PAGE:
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US-India Strategic Dialogue July 2011 Reviewed
|by Dr. Subhash Kapila|
The Second US-India Strategic Dialogue was held in New Delhi this week jointly chaired by US Secretary of State Hillary Clinton and India’s External Affairs Minister S M Krishna. That it took place within a week of the latest Mumbai terrorist attacks led the media and public expectations to believe that the United States would come out strongly in real terms against Pakistan to restrain its surrogates targeting India. The US Secretary of State’s condemnatory references were routine in nature and belied Indian expectations. While one cannot expect real highs from every Strategic Dialogue but contextually in terms of regional security environment Indian expectations were high that the strategic content of this Dialogue would predominate discussions.
The main discussions as publicly reported indicate that discussions were held on counter-terrorism, cyber security, science and technological cooperation etc. What was noticeable was the pitch strongly made by Secretary Clinton on India reviewing its Nuclear Liability Bill and greater US-India defense-to defense cooperation. Implicit in the latter was the emphasis by the United States calling on India to increase the volume of her defense purchases from the United States.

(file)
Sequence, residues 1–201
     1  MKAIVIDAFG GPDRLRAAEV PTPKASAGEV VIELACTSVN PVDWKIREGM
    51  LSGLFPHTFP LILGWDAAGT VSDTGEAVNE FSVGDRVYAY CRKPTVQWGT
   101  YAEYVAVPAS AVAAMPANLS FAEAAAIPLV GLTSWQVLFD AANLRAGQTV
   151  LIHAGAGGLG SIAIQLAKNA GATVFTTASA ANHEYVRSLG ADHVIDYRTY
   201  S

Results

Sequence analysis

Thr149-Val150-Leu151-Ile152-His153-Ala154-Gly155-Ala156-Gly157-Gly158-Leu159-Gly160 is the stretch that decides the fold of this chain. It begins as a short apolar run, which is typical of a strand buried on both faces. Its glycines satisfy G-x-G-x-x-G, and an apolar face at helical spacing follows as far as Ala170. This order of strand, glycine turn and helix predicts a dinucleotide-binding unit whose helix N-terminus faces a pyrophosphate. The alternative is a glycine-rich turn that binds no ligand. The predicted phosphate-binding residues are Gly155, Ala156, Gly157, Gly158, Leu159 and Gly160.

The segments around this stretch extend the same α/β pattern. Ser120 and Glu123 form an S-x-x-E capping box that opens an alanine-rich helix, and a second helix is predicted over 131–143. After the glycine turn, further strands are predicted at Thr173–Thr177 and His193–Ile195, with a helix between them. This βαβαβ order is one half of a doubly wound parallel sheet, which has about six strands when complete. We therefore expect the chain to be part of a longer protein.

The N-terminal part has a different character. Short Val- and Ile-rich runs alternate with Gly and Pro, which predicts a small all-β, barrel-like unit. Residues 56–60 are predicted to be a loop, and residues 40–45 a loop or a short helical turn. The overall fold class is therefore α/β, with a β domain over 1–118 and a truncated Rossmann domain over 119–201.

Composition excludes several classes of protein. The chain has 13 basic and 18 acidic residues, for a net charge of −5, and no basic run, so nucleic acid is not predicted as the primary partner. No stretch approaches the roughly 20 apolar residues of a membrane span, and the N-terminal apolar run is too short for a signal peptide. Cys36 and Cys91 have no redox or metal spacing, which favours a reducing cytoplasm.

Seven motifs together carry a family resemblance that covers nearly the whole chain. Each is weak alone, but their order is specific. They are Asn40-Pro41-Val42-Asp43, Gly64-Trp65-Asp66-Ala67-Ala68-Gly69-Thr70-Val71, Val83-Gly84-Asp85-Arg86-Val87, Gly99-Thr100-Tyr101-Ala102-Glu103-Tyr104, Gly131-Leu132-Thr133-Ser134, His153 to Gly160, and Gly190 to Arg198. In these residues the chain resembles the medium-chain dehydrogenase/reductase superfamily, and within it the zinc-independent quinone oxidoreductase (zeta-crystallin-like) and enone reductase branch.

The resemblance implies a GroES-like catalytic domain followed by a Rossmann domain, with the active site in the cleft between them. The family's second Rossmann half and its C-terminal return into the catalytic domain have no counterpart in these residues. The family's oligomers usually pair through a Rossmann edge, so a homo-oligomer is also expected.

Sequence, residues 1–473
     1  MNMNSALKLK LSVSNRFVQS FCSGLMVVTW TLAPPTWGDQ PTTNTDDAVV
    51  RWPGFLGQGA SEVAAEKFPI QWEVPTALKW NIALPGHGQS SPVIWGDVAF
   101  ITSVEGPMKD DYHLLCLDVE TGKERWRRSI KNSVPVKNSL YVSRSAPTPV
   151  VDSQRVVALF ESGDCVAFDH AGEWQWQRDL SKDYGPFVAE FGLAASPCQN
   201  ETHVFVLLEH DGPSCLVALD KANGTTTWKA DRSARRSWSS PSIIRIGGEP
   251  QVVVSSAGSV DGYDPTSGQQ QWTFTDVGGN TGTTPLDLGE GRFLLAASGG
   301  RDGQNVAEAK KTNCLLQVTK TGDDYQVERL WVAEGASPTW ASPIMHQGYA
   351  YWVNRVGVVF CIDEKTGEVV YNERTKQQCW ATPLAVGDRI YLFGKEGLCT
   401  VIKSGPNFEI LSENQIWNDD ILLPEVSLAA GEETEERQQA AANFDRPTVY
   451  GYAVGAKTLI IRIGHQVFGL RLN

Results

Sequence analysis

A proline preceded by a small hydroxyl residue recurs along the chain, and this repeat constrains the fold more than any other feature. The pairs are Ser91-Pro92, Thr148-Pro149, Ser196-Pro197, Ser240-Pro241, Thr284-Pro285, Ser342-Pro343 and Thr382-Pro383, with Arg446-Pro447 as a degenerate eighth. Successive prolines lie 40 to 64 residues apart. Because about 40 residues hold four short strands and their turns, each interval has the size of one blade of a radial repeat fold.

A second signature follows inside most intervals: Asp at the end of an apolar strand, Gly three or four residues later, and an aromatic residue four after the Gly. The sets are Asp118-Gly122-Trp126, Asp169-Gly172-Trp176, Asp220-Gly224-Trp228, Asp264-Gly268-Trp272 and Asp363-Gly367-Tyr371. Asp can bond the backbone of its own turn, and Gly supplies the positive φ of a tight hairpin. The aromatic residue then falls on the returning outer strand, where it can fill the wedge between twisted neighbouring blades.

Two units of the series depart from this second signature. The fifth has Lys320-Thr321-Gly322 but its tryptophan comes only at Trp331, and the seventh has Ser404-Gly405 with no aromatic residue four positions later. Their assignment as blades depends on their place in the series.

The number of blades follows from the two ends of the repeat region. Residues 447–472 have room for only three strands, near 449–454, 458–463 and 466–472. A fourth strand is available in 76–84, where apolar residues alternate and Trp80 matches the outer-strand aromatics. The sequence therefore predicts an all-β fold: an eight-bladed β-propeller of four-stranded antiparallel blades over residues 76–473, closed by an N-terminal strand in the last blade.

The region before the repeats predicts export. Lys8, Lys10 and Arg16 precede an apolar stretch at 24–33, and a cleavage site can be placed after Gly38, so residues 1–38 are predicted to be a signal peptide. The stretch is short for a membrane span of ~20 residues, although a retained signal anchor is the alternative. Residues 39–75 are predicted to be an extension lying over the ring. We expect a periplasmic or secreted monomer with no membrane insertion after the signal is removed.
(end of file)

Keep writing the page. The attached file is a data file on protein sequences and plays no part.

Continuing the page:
India’s main pitch made at the Strategic Dialogue was that the United States should not make any hasty exit from Afghanistan and that decision should be made respecting the prevailing ground realities in Afghanistan. Further that Afghan President Karzai should be kept in the decision-making loop on the future of Afghanistan.
Secretary Clinton also visited Chennai for the first time which included a call on Tamilnadu’s new Chief Minister Ms Jayalalitha. Intended or not this would have accorded the US Secretary of State to personally size up the Tamilnadu Chief Minister who may be emerging as a powerful political force in the next Indian General Elections in 2014. Additionally, Tamilnadu is emerging as a favorable destination for US business investments.
Secretary Clinton concluding her India visit made a forceful plea that India should adopt a more prominent political stance in Asia Pacific and with references in this direction being pointedly made towards playing a greater role in bringing around Burma (Americans refuse to call it as Myanmar) to respect human rights. In other words the United States was really not happy with India’s proximity to Myanmar.
What is surprising to note is that while the United State periodically makes calls on India to play a greater and powerful role Asia Pacific it does not make similar calls on India to play a greater role in the Middle East and the Gulf Region. The reasons for this are obvious.
Prospectively it seems that the United States-India Dialogues in the future are likely to be routine affairs without any big-ticket dramatic upswings in the United States Strategic Partnership emerging in the near future, at least not till such time as the United States is forced circumstantially to dispense with its fatal strategic obsession with Pakistan.
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